Imagine Grandma thrown into the slammer (or maybe merely fined) for selling her wicked good home-made chowder at her garage sale. Give her one warning and, if she does not repent and mend her ways, then it’s off to Shakopee? Most of us would find this to be grotesque, over-reaching, state intervention into a relatively innocuous interaction. Such informal human interaction should be entirely free from government intrusion.
Some garage sale participants might look at the crock-pot and wonder how long since the contents were refrigerated and at what temperature the chowder is kept at. (And where is sweet old Mormor Linnea getting her “fresh” shellfish?) They might decide to take a pass.
Others might buy a cup and enjoy some wonderful home-cooking.
Still others might get food poisoning and die. Tough quahog. Caveat emptor, am I right? (Mormor Linnea wouldn’t hurt a fly. She can be a little forgetful about the details of good food hygiene. But she’s not evil…)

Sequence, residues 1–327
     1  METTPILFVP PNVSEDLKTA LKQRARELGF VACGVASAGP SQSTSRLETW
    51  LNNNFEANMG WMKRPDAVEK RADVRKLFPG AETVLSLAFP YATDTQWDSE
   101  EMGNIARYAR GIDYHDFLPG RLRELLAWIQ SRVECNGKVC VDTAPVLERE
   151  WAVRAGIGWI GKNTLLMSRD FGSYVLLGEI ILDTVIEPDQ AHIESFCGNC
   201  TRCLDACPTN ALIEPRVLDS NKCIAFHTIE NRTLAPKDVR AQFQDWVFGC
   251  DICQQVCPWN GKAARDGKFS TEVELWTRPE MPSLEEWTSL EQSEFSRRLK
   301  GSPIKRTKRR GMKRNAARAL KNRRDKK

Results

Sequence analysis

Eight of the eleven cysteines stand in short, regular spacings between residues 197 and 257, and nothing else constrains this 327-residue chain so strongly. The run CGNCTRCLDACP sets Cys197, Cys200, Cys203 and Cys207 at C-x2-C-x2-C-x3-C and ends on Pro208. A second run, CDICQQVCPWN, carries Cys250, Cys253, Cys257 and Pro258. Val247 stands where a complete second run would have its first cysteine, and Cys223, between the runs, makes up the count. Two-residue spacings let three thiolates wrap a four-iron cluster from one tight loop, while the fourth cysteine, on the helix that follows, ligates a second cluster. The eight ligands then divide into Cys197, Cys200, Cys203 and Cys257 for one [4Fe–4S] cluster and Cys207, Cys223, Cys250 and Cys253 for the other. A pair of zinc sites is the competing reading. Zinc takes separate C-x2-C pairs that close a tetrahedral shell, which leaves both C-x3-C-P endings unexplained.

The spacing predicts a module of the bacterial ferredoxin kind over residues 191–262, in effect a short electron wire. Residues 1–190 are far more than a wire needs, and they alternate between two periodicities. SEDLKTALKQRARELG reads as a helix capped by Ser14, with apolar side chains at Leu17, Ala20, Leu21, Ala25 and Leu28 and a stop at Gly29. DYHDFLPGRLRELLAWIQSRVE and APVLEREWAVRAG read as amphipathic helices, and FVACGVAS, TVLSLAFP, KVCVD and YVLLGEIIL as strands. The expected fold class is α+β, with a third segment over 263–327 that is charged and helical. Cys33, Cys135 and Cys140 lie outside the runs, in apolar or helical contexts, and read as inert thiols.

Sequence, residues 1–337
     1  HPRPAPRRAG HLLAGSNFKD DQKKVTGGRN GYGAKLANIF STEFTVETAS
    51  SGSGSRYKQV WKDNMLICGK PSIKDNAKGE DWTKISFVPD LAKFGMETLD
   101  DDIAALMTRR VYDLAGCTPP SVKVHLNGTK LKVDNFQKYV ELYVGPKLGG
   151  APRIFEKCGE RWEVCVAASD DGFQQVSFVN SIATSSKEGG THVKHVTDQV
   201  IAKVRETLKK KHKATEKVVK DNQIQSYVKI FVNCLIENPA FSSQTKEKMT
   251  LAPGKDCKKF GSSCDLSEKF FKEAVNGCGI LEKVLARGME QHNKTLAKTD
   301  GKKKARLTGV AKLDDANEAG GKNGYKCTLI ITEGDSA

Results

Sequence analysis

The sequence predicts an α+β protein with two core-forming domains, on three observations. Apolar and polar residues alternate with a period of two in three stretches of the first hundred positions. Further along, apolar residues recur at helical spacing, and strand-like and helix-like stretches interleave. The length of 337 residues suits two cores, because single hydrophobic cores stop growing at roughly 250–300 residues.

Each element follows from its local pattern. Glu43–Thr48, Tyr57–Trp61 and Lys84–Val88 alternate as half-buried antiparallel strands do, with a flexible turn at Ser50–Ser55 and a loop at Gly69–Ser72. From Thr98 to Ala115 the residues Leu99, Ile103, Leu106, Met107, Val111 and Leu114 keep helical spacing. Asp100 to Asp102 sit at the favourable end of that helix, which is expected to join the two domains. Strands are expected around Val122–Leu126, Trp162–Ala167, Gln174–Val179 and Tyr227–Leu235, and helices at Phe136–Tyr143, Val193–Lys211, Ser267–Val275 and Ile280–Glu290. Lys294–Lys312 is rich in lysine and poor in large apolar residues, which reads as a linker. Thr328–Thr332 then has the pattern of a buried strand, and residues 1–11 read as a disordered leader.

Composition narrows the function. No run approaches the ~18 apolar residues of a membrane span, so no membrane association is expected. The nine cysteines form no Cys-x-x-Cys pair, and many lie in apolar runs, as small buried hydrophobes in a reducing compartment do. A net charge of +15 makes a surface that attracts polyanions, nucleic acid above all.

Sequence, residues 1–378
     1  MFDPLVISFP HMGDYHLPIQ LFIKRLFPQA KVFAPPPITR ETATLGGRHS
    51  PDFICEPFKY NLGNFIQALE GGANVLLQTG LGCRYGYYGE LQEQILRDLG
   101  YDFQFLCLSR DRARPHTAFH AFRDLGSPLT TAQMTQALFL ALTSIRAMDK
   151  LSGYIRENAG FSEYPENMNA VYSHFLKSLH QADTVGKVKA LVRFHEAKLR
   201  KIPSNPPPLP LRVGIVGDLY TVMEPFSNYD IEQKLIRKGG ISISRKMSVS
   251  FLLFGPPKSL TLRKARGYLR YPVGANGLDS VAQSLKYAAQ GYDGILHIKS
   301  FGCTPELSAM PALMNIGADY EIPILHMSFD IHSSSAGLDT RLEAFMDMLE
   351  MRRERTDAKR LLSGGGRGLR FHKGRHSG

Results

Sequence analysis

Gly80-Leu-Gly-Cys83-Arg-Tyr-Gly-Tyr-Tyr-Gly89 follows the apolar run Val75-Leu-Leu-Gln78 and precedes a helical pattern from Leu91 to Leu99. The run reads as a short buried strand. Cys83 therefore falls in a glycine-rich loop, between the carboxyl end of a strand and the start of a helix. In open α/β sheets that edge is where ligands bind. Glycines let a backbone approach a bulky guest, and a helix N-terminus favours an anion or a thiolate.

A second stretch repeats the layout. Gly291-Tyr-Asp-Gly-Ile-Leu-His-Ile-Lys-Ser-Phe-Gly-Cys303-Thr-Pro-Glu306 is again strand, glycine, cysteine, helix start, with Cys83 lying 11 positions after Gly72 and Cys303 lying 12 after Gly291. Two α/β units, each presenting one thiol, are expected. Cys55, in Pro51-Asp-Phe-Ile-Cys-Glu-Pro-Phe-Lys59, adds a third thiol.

What if Mormor Linnea were making chowder by the 100-gallon vat and selling it in mason jars out of the back of her truck year-round? Do you think at some point it is appropriate that she might be regulated by the state, that she might be required to get a license from the state to sell the her
death potion chowder, that she might have to put up with food inspectors checking out her operation, making sure she carries appropriate insurance, and so forth? At what point do we all welcome and embrace government involvement in our day-to-day interactions?
How about when Mormor Linnea is making more than $5,000/year selling her foodstuffs or when she sells “outside of community events or farmers’ markets”?